The railway will run from the Tanjung Enim coal mine, the richest deposit in Indonesia, to a new port in the Sunda Strait, where what's left of the Krakatau volcano still puffs smoke after blowing its top in 1883.

From there, the coal will be shipped to the northern hemisphere to power China's industrial engine, part of a strategy of building infrastructure for resources that Beijing has employed successfully elsewhere in the world.

The quest is not as simple, or as brutal, as it was under colonial rule. Getting land, licenses and locals onboard requires a hearts-and-minds campaign and illustrates why, despite a return to investment grade, betting money on Southeast Asia's biggest economy isn't for the fainthearted.

^^^^^^^^^^^^^^^^^^^^^^^^^^^^^^^^^^^^^^^^^^^^^^^^^^^^^^^^^^^^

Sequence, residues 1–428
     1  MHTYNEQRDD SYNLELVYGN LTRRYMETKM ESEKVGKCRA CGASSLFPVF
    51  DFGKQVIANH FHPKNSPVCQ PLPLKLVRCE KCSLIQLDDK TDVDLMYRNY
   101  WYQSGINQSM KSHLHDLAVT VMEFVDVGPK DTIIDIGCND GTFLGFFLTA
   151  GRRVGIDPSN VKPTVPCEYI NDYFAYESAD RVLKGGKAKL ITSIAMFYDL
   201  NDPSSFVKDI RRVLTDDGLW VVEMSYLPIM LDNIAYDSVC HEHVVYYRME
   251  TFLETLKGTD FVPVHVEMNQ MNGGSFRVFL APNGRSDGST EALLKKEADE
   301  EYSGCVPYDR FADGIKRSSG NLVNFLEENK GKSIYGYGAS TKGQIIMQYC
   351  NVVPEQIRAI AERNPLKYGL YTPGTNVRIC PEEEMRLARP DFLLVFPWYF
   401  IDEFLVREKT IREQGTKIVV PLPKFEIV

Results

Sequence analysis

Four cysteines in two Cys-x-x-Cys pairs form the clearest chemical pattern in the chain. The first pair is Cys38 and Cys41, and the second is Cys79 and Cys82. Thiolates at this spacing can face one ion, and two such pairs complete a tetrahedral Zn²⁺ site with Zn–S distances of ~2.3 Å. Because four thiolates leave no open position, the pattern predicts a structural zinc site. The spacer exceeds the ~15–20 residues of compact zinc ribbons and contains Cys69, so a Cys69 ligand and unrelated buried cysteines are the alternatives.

Indonesia infrastructure video: link.reuters.com/ner95s

Graphic on Indonesia infrastructure projects: link.reuters.com/xuc26s

^^^^^^^^^^^^^^^^^^^^^^^^^^^^^^^^^^^^^^^^^^^^^^^^^^^^^^^^^^^^^

INVESTMENT GRADE AGAIN

Ratings agencies have been raising Indonesia's credit rating at a time when they have been downgrading Western economies. On Wednesday, Moody's Investors Service returned Indonesia to investment grade for the first time since the Asian financial crisis in 1997-98.

Indonesia needed an International Monetary Fund bailout to recover from that crisis, but it avoided tumbling along with the world's largest economies and neighboring countries into a global recession in 2008-2009.

Now, helped by a global commodities boom, Indonesia is one of the fastest-growing countries in the G20, and could join Brazil, Russia, India and China -- the BRIC economies -- as the next emerging markets powerhouse. An estimated 35 million of its population of 240 million are now considered middle class.

Fitch Ratings brought Indonesia back to investment grade last month after 14 years of junk ratings, citing President Susilo Bambang Yudhoyono's efforts to kick-start infrastructure.